The Second Generation of Racial Profiling

31 Pages Posted: 19 Sep 2010 Last revised: 15 Dec 2018

See all articles by Dov Fox

Dov Fox

University of San Diego: School of Law

Date Written: September 18, 2010


Police today rely heavily on racial proxies to construct search profiles for criminal suspects. An emerging forensic technique called DNA phenotyping makes it difficult to defend this practice as a matter of policy or law. The technology uses ancestry data and facial recognition software to infer skin tone, nose shape, hair and eye color from cell tissue at the crime scene. Several states already forbid police from adopting this investigatory tool for fear of reviving pseudoscientific racism. These criticisms are misplaced. Not only does DNA phenotyping provide a falsifiable check on dubious eyewitness accounts based on a suspect's race. It promises to improve arrest accuracy, enhance police legitimacy, and loosen the grip that race has on the way we think about crime. DNA phenotyping puts constitutional pressure on investigators' reliance on eyewitness racial identification. Equal Protection doctrine insists that the state replace race-based action with suitable race-neutral alternatives. Where an investigation's urgency and the availability of DNA evidence allows, a totality-of-the-evidence approach should require the corroboration of race-based suspect descriptions with phenotyping markers in proportion to the reliability of each.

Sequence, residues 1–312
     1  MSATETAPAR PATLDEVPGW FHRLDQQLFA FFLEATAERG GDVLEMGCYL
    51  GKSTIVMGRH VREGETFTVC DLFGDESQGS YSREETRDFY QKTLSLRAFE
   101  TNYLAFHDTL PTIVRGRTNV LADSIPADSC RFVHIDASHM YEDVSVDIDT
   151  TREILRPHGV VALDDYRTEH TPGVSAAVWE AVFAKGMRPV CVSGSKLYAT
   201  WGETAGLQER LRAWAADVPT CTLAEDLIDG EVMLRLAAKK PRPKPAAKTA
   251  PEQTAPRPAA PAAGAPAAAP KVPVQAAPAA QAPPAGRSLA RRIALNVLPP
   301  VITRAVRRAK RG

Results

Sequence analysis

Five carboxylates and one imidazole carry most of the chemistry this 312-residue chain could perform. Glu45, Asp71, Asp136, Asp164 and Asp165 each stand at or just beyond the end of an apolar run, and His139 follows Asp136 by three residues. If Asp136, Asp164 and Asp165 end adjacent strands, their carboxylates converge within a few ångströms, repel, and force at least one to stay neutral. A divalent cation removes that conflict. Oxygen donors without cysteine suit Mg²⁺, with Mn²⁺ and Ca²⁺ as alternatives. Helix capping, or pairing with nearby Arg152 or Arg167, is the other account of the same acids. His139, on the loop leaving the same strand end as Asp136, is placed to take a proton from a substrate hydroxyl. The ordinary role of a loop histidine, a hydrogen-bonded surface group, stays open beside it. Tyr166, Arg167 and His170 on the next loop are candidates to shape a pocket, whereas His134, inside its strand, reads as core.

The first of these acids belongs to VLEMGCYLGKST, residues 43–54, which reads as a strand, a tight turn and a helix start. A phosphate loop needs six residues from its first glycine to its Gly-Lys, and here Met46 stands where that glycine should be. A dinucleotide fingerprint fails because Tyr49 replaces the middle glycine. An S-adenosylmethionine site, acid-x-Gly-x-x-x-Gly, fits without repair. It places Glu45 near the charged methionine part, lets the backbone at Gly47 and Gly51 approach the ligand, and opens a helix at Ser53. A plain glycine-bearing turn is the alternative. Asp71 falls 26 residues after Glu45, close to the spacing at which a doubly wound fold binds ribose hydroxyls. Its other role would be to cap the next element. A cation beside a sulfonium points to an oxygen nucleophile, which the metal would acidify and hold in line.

Keywords: Equal protection, criminal investigations, suspect identification, forensic DNA phenotyping

JEL Classification: K14, J78

Suggested Citation

Fox, Dov, The Second Generation of Racial Profiling (September 18, 2010). 38 AM. J. CRIM. L. 49 (2010). Available at SSRN:

Dov Fox (Contact Author)

University of San Diego: School of Law ( email )

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